The principle of grace is as fundamental to Christianity as justice is to law or love is to marriage. Christianity cannot be understood apart from an adequate grasp of grace. The doctrine of grace distinguishes the Christian faith from every other religion in the world.


Grace is most frequently defined as unmerited favor. But first and foremost, grace is a description of God’s character, which is displayed by His gifts to humanity. God is a God of grace, and He desires to make this known not only to humanity but also to the angelic hosts.

Because God is immutable and changeless, grace has always been part of His character (cf., James 1:17). Some have supposed that the God of the Old Testament is someone other than the God of the New Testament. But we know that the grace of God is frequently evidenced in the Old Testament. God is, was, and will always be a God of grace. 


Grace is not merely a part of the plan of redemption; it is the silver cord that runs through every facet of the work of redemption. According to the apostle Paul, the entire work of Christ in coming to earth, dying for sinners, and being crowned with glory is said to be “by the grace of God” (Heb. 2:9). In no way was this prompted by man (cf., Rom. 10:6-8). Our redemption is “according to the riches of His grace” (Eph. 1:7). Justification—that judicial pronouncement that we are innocent of any guilt—is a gift of His grace (Rom. 3:24; Titus 3:7). When all is said and done, every element of the work of salvation is the work of God through grace, not something of our own making.


Grace takes many forms in the Bible, and it is good to define it so the diversity of these forms is taken into account. Let me briefly enumerate some of the forms of grace.

Common grace. It is that benevolence which is poured out upon all men, regardless of their spiritual condition. God is gracious in providing for the salvation of all men and in commanding its universal proclamation. He is also gracious in delaying judgment, thereby giving men ample time to repent (2 Peter 3:9). 

Saving grace. It is that generous provision of salvation on the cross of Calvary and the securing of it by divine intervention. “We believe it is through the grace of our Lord Jesus we are saved, just as they are” (Acts 15:11).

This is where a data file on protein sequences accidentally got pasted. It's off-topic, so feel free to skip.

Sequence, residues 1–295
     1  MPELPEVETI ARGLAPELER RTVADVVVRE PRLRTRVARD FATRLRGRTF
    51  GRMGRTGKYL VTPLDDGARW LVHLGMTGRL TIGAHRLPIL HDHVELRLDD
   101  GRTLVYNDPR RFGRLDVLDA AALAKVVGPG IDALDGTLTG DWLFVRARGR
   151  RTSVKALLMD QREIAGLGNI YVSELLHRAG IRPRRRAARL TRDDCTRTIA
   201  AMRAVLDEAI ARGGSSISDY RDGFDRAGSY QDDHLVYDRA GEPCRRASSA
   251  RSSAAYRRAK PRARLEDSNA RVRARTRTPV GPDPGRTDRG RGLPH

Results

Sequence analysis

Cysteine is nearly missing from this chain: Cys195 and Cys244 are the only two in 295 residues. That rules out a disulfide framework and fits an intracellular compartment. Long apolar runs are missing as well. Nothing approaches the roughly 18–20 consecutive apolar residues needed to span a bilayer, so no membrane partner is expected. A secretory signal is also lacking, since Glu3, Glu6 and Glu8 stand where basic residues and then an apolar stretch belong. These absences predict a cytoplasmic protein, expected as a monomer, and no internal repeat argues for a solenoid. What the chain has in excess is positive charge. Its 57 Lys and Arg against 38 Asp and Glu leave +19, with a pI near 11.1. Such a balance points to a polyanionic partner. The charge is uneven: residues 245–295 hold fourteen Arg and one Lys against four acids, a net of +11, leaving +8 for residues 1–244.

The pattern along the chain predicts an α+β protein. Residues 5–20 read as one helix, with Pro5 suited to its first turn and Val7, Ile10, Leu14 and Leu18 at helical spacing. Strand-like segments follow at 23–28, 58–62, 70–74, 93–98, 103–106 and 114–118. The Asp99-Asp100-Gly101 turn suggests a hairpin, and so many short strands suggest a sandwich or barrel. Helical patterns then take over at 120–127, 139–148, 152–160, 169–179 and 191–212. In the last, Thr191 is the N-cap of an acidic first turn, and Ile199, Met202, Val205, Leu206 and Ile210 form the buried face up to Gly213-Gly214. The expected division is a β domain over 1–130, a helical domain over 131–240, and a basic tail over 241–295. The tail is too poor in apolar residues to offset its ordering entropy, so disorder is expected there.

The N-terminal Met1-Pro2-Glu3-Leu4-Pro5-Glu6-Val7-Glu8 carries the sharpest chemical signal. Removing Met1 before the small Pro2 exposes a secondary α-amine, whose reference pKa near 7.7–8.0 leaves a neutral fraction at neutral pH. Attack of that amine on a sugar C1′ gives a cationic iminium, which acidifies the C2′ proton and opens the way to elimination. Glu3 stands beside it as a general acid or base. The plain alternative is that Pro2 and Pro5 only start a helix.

Securing grace. It is that manifestation of God’s benevolence by which Christians are kept secure. “Therefore, since we have been justified through faith, we have peace with God through our Lord Jesus Christ, through whom we have gained access by faith into this grace in which we now stand. And we rejoice in the hope of the glory of God” (Rom. 5:1, 2).

Just as lost souls cannot obtain salvation through any good works of their own, neither can Christians maintain their salvation by doing good works. Salvation is obtained and maintained by grace alone.

Sanctifying grace. It is that grace which works within the true believer in such a way as to bring growth, maturity, and progress in the process of becoming Christlike: “But by the grace of God I am what I am, and his grace to me was not without effect. No, I worked harder than all of them—yet not I, but the grace of God that was with me” (1 Cor. 15:10).

Sustaining grace. It is grace given at special times of need, especially during adversity or suffering. “My grace is sufficient for you, for my power is made perfect in weakness” (2 Cor. 12:9). “Let us then approach the throne of grace with confidence, so that we may receive mercy and may find grace to help us in our time of need” (Heb. 4:16).

Perhaps some of these distinctions are a bit arbitrary, but the point remains that grace is manifested in many ways. Grace seeks us and saves us; grace keeps us secure and enables us to endure the tests and trials of life. Grace will bring about our sanctification in this life and will ultimately bring us to glory. From beginning to end, we are objects of divine grace.


If we were to describe grace to a chemist, we would say that grace is an element, not a compound. In more biblical terms, grace is never a mixture of divine benevolence and human effort (Rom. 4:4-5; 11:6); grace is entirely the work of God, unprompted by man, undeserved by man, and without regard to anything that the object of grace will later accomplish.


Grace is the goodness of God on behalf of sinners who humbly acknowledge their own deficiency and thus their dependence upon God’s grace for forgiveness and salvation. But He gives us more grace. That is why Scripture says, “God opposed the proud, but gives grace to the humble” (James 4:6).


Many objections to the biblical doctrine of grace originate from abuses of this doctrine in the lives of Christians. Any biblical doctrine can be misapplied in such a way as to justify sin in our lives. In Romans 5, Paul taught that “where sin increased, grace abounded all the more” (verse 20), but he quickly added that this is no incentive to careless living: “What shall we say, then? Shall we go on sinning so that grace may increase? By no means! We died to sin; how can we live in it any longer?” (Rom. 6:1, 2). We who have died to sin cannot casually and carelessly persist in sin, for it is inconsistent with new life in Christ. Grace must never be used as an excuse for sin (1 Peter 2:16).


Is that how you and I view God most of the time? Pray that it is not so with us! Sometimes we may find ourselves thinking of God in less complimentary ways. We are surprised when good things come into our lives, and we know they are from God. When suffering or trials enter our lives, we may think God is punishing us or giving us what we deserve rather than dealing with us according to grace.

Meditating on God’s grace reminds us of the goodness of God in His dealings with mankind in general and with you and me in particular. God is gracious. His grace is for sinners like you and me. He offers His grace to us. How will we respond to His unfathomable love?

General Conference Ministerial Association